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3

This may be possible in a manual sort of way using the 'Advanced Digitizing Tools' Using this tool you can specify a distance. Then you just need to set up your snapping options to snap on intersection with your contour layer. As you can see in the image below a dark blue circumference guide helps you visualize the extent of your reach.


2

If I understand your question, you want to design a road thru a sloped terrain, with start and end points. And you need to keep the slope of the road at minimum. If this is the case, then working with contour lines just complicates the process. There are "least cost path" tools available that work on raster layers. So you should revert your contour lines ...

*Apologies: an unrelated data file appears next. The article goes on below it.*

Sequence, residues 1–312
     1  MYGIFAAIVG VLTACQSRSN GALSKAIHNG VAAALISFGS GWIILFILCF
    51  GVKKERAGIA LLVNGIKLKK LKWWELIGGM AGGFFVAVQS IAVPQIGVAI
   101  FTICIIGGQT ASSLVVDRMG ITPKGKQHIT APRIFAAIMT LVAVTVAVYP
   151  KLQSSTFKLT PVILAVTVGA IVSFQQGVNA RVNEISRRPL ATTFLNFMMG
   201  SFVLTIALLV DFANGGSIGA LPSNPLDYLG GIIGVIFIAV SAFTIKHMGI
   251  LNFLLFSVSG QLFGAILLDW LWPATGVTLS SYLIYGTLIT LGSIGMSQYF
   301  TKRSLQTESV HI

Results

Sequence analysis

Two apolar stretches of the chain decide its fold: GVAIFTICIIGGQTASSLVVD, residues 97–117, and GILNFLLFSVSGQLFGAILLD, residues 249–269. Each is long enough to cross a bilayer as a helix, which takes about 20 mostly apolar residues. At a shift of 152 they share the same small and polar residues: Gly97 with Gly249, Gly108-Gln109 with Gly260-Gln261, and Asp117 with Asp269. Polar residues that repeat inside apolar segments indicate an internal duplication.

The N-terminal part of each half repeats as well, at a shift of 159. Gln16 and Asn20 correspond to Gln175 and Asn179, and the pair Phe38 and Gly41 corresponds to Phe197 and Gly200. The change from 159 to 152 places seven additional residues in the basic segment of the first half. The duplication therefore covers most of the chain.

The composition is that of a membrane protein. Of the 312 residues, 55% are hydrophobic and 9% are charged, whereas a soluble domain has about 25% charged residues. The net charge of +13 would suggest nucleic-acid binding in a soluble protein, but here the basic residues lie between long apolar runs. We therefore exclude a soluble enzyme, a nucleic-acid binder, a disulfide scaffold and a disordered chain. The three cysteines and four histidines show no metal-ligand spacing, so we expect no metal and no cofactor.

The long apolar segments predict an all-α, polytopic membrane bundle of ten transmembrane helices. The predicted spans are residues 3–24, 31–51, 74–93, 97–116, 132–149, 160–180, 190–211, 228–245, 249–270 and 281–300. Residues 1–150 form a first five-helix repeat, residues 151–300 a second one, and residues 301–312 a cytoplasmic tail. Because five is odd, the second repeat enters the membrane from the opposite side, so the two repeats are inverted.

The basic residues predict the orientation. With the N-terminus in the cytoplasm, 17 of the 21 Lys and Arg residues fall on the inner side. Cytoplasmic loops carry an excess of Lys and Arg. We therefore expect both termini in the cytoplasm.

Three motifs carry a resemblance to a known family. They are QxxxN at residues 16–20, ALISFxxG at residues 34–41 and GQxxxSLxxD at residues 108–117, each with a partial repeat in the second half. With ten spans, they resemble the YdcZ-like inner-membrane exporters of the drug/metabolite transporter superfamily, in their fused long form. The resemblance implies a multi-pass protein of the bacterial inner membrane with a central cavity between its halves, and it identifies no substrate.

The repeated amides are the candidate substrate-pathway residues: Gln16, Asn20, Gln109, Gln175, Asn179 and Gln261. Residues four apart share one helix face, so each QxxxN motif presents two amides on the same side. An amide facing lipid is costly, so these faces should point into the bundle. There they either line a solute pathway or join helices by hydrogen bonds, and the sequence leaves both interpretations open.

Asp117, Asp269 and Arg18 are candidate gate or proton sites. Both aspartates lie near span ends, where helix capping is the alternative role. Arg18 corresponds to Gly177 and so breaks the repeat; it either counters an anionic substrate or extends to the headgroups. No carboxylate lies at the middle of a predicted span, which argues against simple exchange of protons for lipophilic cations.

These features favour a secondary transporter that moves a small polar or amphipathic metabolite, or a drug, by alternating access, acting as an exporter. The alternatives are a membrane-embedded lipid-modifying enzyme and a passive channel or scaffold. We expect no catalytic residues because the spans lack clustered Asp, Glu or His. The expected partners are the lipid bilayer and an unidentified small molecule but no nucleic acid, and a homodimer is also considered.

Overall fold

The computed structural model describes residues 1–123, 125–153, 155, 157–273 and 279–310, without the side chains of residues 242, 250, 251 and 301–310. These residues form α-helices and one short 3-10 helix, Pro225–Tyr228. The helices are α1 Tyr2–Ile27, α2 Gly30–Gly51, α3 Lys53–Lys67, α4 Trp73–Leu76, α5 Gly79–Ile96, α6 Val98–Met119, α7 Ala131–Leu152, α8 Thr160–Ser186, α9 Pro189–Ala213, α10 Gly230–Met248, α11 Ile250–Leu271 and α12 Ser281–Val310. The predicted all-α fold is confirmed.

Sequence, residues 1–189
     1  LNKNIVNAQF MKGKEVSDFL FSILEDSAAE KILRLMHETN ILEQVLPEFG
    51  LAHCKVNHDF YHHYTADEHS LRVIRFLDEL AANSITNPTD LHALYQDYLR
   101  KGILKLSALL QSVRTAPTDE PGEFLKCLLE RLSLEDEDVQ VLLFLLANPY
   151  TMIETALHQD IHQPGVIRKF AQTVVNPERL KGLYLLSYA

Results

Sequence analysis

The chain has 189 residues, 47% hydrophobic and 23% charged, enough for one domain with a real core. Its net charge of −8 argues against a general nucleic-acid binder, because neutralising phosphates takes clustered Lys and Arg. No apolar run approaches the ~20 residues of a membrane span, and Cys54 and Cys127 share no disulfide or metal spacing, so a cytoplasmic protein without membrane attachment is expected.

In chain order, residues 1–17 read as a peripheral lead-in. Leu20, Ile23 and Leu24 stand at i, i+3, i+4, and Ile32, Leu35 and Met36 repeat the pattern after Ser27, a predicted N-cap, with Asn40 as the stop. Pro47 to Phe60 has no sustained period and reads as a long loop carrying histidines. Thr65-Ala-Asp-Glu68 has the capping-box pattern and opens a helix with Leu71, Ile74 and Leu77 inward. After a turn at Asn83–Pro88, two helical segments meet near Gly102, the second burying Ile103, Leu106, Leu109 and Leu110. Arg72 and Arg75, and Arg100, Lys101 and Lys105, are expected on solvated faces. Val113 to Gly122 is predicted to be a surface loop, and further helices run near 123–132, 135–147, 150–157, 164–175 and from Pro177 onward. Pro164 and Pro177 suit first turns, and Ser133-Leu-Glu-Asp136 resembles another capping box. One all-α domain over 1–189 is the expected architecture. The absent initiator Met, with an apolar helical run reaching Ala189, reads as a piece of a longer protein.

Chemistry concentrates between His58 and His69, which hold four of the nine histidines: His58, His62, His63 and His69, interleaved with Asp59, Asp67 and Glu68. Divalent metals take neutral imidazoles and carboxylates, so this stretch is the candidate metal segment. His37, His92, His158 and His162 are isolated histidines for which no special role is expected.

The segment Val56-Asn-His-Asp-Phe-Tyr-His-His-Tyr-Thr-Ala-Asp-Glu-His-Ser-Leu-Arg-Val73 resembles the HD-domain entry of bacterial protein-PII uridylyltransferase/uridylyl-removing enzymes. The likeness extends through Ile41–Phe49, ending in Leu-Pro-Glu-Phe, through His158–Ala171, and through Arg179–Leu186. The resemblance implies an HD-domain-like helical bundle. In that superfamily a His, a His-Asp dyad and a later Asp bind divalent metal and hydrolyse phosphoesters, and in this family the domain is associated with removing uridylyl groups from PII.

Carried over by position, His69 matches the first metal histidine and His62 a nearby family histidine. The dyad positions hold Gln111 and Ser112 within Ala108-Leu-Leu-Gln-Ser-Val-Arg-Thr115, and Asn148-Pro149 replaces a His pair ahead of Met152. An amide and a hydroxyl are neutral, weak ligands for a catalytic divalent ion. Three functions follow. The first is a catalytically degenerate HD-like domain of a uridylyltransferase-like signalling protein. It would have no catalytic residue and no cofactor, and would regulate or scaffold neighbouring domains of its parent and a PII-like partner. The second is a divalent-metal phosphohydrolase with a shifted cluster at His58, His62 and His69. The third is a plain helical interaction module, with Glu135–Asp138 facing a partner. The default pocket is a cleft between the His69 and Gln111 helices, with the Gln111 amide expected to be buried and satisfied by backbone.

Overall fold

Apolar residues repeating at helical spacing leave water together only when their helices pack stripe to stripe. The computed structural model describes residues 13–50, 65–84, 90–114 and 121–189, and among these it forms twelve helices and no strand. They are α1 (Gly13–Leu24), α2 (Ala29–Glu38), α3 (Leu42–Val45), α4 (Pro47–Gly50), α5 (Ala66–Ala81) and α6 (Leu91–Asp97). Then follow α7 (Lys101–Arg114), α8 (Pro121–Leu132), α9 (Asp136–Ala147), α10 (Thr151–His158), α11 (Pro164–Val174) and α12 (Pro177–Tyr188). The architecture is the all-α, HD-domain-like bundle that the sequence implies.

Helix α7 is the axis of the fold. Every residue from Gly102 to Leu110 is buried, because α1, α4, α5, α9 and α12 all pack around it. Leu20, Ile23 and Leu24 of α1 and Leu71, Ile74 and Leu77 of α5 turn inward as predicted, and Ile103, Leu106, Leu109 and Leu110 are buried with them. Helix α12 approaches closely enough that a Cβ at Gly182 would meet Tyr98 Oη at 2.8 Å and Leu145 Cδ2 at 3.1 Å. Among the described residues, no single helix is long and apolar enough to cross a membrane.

1

This can be solved with linear referencing. Use the Create Route tool to convert the lines into routes. Make an ID field identical to the ObjectID if you have no existing unique ID for the lines. To preserve the line direction, calculate a field for the From Distance that is 0 and a field for the To distance which is the line length, then use the Two ...


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You can do this using the Network Analyst Extension. Build a network using your road layer (requires network analyst extension) Identify nearest polygon using point distance tool or near tool (or use existing point if known) Add nearest polygon point and postcode point as stops in the network solver then compute a route distance from your post code point ...


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I ran into the same Problem. For me, it worked out when I used the "Feature To Line" Tool on the roads shapefile before I used it to build the network dataset. This splits all your roads at intersections which is apparently a good thing to do before you build your network. I further increased the number of found routes by removing all disconnected parts of ...



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